I also got serious Twin Peaks vibes from the amount of plaid, long coats and high heels; more precisely referencing the clothes of the townsfolk working at the small town gas station combined with Audrey's daily ritual of changing from saddle shoes to red kitten heels at her school locker. The truth is that many modern-day small towns lack this glamour but still have plenty of flannelet shirts abound, but it's nice to daydream and romanticise remote areas like Peter Weir's 'Picnic at Hanging Rock', Enid's ability to find God in tacky things like a bad comedian and 1950s inspired diner and The Virgin Suicides. The silhouettes also seem to echo the clean lines and practical American style cited by former American Vogue editor Grace Mirabella as instrumental in Western fashion and culture. I find it difficult to encounter clothes that are both straightforward in design but have the aesthetic of 'Lucy in the Sky with Diamonds' in my everyday life, but browsing Style.com in my room does make me hopeful that there is a whole other world out there for me.

Tavi also mentioned a previous Creatures of the Wind collection as being untraceable in origins, and I think that statement can be generalised to the entire universe that the designers have created. She was speaking specifically about their Spring 2013 collection with its thrift store origins and French lace from a couturier, but I get lost in the mix of strange front zippers, collars and blazers in the same multidimensional sense. It's nostalgic and yet new all at once, which again makes me feel super connected to the universe and able to understand complicated concepts like time travel and other groovy things. Speaking of time warps, the sunglasses are a commercial first for the brand and seem somehow early 2000s/ Avant Garde in origins (disappointingly not as majestic or sparkly as the famed Creatures of the Wind headpiece featured as the background to their website) but that strange lens shape and colour seems joyously disconnected from the clothes themselves.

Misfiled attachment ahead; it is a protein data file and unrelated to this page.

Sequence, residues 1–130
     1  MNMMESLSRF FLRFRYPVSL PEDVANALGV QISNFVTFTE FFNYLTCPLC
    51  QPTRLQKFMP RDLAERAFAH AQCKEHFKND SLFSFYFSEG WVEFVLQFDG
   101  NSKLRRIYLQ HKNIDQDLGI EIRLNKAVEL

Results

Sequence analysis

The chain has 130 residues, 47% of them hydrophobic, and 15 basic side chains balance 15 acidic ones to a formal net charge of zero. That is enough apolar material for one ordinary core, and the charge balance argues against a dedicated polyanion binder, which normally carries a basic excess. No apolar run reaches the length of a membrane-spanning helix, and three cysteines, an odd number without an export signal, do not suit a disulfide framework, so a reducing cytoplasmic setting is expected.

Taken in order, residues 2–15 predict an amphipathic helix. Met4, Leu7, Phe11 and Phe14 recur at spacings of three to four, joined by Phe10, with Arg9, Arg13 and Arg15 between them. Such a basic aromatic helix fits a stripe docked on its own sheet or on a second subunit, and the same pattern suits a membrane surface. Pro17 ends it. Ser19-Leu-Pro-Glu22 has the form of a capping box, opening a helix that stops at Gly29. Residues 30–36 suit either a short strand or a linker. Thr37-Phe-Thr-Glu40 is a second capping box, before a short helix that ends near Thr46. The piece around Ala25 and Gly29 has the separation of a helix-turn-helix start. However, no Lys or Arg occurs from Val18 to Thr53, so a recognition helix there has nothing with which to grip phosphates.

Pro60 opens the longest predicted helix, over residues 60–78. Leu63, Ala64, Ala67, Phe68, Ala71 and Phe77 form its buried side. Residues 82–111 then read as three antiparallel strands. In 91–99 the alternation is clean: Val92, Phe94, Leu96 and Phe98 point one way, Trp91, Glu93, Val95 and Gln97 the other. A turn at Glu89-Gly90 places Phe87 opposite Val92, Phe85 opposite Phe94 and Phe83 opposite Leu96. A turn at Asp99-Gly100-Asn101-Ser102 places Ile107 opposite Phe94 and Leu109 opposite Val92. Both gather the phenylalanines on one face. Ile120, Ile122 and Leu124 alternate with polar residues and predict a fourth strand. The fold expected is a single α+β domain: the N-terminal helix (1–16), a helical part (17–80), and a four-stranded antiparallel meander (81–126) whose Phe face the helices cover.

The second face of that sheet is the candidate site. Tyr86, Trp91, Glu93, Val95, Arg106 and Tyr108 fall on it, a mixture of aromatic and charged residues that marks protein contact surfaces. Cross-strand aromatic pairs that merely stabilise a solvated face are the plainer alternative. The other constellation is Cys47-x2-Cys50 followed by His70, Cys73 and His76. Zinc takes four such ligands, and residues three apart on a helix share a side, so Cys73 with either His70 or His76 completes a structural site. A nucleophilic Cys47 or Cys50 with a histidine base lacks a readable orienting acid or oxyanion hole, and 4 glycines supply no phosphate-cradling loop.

Creatures of the Wind have delivered another technicolour dream experience with an eagle eye when it comes to detail. Despite the magical interplay of reds, orange, beige and black the collection does seem more mature and restrained; less Gene Wilder as Willy Wonka but more strange citizen, Log Lady from Twin Peaks and that general setting of a seedy, backwater town as a point of origin. Without getting to touch and play with the clothes in person I can only make so many assumptions about the textures, but I can reveal I really want to buy Dollar Store gemstones and decorate many plaid ties. If you take anything else away from my review, Creatures of the Wind seems to be inching towards more of the commercial world and getting their foot in the door as a serious contender for fashion houses but each piece is made by hand with love in a tangled spiderweb of old stories, past and present.